Italy’s justice system has long been one of the most dysfunctional in Europe, especially when it comes to putting away alleged mafia or white-collar criminals.
Prosecutors say it is all but impossible to reach a definitive sentence for a multitude of financial crimes within the prescribed time frame, which is seldom more than eight years. That’s partly because legal cases take so long in Italy. But it is also because Italy is unique in Europe, even among the other civil law systems:
Its statute of limitations starts from the moment an alleged crime is supposed to have been committed rather than from the point it is discovered, and the time limit is not extended when a defendant is put under investigation, indicted or judged. No other country has both rules!
In 1988 the Italian criminal process underwent substantial reform modeled on what done in common-law jurisdictions to bring Italy’s outdated inquisitorial system more in line with modern legal thought and practice. Indeed, Italy’s criminal law judicial system and process was rooted in long-standing legal tradition heavily biased in favor of the state’s virtually unlimited financial resources (if compared to those of individual suspects) and absolute monopoly of law enforcement, including police, public prosecutors and judges. What the reform did or tried to do was to increase those institutions that make a trial “adversarial” as opposed to “inquisitorial” among the “parties” (to a trial), i.e., the public prosecutor, the accused or defendant and judge. Today such “parties” thanks to the reform have theoretically been placed on an equal footing with equal access to the evidence gathered by the police and prosecution.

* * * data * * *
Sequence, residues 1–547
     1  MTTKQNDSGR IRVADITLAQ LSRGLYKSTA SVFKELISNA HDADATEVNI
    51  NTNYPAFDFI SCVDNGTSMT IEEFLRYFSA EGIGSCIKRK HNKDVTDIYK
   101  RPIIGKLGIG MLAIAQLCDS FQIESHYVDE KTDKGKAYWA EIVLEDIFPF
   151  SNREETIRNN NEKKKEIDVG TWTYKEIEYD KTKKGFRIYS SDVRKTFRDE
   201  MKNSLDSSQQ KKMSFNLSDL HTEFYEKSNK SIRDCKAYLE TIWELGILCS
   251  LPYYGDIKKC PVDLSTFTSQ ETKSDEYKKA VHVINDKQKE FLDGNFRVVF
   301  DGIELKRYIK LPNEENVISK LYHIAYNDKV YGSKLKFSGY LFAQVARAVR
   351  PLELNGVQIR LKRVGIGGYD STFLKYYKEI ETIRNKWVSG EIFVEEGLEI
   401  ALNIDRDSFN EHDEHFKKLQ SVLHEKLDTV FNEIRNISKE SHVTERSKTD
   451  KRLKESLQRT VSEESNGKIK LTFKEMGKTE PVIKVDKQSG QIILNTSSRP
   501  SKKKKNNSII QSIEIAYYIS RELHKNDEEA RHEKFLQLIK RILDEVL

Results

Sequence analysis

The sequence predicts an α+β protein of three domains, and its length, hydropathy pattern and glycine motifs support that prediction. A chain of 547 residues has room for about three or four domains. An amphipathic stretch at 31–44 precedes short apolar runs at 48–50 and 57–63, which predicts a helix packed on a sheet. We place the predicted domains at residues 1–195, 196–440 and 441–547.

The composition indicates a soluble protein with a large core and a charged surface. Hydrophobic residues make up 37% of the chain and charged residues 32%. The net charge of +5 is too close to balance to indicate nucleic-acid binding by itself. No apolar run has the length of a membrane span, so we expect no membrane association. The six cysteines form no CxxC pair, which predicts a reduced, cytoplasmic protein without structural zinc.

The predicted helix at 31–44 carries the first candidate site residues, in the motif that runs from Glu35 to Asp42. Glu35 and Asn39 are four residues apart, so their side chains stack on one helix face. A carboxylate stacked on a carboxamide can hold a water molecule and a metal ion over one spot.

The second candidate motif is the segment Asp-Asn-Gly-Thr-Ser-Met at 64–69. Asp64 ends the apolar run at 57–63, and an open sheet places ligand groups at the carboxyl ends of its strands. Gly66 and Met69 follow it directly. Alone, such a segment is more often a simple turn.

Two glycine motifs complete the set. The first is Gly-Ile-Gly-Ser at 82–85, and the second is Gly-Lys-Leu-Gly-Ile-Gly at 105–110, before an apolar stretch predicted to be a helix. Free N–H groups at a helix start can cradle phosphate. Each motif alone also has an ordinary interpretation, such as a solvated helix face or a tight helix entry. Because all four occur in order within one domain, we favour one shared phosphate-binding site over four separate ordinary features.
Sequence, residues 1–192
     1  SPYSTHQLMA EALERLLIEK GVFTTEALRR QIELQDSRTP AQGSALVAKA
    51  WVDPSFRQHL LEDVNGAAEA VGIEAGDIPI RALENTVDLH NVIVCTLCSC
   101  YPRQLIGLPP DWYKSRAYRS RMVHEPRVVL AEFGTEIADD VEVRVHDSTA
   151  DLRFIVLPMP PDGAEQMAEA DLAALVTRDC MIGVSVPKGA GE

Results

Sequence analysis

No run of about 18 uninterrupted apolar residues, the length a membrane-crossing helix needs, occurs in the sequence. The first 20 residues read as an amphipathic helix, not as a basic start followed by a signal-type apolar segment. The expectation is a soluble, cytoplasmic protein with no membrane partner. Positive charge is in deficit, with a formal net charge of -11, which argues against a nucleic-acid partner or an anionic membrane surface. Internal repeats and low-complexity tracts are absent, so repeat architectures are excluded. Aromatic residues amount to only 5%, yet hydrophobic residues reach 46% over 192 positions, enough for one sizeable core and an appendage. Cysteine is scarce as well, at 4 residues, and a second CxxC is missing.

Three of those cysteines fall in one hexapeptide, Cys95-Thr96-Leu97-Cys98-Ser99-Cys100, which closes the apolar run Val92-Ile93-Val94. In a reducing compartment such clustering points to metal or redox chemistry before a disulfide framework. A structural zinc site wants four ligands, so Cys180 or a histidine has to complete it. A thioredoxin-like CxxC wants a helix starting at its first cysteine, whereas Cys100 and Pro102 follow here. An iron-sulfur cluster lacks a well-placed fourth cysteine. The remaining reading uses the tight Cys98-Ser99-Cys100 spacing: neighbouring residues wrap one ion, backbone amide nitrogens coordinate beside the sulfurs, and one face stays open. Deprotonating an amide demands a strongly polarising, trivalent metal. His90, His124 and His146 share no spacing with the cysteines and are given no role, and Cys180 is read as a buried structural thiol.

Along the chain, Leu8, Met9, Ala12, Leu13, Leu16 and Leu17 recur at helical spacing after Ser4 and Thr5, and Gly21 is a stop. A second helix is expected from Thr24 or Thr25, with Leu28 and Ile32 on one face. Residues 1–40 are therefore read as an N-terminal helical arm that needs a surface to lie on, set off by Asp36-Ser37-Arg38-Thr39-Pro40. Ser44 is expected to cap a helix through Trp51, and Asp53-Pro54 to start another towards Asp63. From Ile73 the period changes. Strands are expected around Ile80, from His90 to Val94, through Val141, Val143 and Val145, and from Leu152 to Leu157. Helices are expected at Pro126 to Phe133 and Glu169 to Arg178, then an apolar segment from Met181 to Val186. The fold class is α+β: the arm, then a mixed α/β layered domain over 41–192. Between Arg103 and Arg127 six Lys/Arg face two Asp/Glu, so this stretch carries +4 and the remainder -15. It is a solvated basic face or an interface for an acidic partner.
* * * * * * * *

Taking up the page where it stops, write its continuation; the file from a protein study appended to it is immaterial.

Notwithstanding the reform of 1988, Italy remains light years away not only from common-law criminal trials but from civil law criminal trials of other EU jurisdictions as well! Despite the Italian Constitution, heralded by comic Roberto Benigni as the “the most beautiful in the World” the concept of a speedy trial is virtually unknown. The Constitution, which Benigni swears by, talks of a “reasonable duration” (art. 111). That, in a country where case law does not have the same place, authority or purpose as it does in common-law jurisdictions and where the principle of stare decisis is non-esistant, “reasonable duration” is practically meaningless, as are other institutions known to Italian law but either defined differently or applied “loosely” as opposed to “strictly” such as, habeas corpus, ne bis in idem (latin for double jeopardy) or what under Italian law constitutes a legal search and seizure by the police, just to name a few. The Government for Change seems intent on completing the reform of the Italian criminal law process begun in 1988.